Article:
Relationships, pain and compassion…

I have been thinking recently of relationships – firstly of how I relate with myself – what is the tone of my inner voice and the quality of my attention. Just how much judging and doubt I bring into it – that mostly starts just as a tiny voice that simply wants to be heard. And also about how I relate to the people around me – especially my daughter Anjali.

At eighteen months, Anji has gone through a new development these past couple of weeks–that of developing emotions and their wider range – and with it, the struggle to hold them. The frustration at things not going her way, the disappointment when things end, and pain that she can’t have all her desires fulfilled. At 5.30am, she doesn’t understand why she can’t go out and see the construction (‘uction’ as she calls it…) And she can’t understand why after she had such a great time with her friend Tali yesterday, she has to leave and go down for a nap. Even though nap she did.

And when she woke up and Tali was not there, she cried. Normally my way of relating to her crying would become to make it about me – how I’m failing as a Mother or not doing the right thing for my daughter. Oh the helplessness of watching one’s child cry and not being able to fix it. But here was the opportunity for teaching empathy and compassion.

So yesterday when she cried, I held her and I gave her the words: ‘Anji upset, Anji crying. Anji miss Tali’. She cried some more and repeated ‘Tali Tali’. I listened and nodded and murmured my understanding. I held her some more. ‘Yes, miss Tali’. A few moments later, the crying gave way to whimpering. And soon after, it was replaced with the delight of playing. The tears were forgotten in jumping on the sofa and reading Danny Digger’s truck.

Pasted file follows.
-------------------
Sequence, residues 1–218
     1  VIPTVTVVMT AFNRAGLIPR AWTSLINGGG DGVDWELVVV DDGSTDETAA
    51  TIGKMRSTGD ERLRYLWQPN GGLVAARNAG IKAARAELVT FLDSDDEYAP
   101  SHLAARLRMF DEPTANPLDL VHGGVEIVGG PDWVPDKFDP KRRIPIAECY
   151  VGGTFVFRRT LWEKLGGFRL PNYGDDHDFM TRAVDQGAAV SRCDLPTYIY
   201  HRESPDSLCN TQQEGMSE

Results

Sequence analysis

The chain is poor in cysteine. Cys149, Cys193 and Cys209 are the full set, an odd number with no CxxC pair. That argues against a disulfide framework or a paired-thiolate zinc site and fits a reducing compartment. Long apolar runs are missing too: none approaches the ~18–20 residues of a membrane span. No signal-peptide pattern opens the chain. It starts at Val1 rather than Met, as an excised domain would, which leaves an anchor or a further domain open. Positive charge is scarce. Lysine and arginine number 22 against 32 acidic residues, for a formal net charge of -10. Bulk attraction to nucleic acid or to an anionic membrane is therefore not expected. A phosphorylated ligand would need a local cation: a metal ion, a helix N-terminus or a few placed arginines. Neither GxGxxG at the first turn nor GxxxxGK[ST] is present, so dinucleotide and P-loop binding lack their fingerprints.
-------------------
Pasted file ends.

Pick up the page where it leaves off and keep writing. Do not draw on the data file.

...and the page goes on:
That was a breakthrough for our changing relationship and a valuable reminder for me yet again – that when we are pain, all we need is a simple acknowledgement and understanding. We don’t need fixes and we don’t need solutions. Just being heard is enough.

So when we sit with our own pain and breathe with our heartbreak, that’s what we do. We listen. We don’t react and we don’t try to figure it out. We listen deeply, attentively, and caringly. Our hearts feel like they are going to break, but we keep listening. And then something miraculous starts to happen. Our hearts start to open. The pain starts to feel sweet like wine because there is compassion. And tender like the morning after rain. And in that silence, we see the beauty of our longing for connection, peace, end of suffering and freedom. In that instant, we become free. Free to experience life in the moment – free to be present and make room for joy, gladness, peace or whatever emotion arises next. Joy too will not last forever, as nothing will, but we will be a bit wiser, a bit more gentle with our pain the next time around.

Wishing peace, S.


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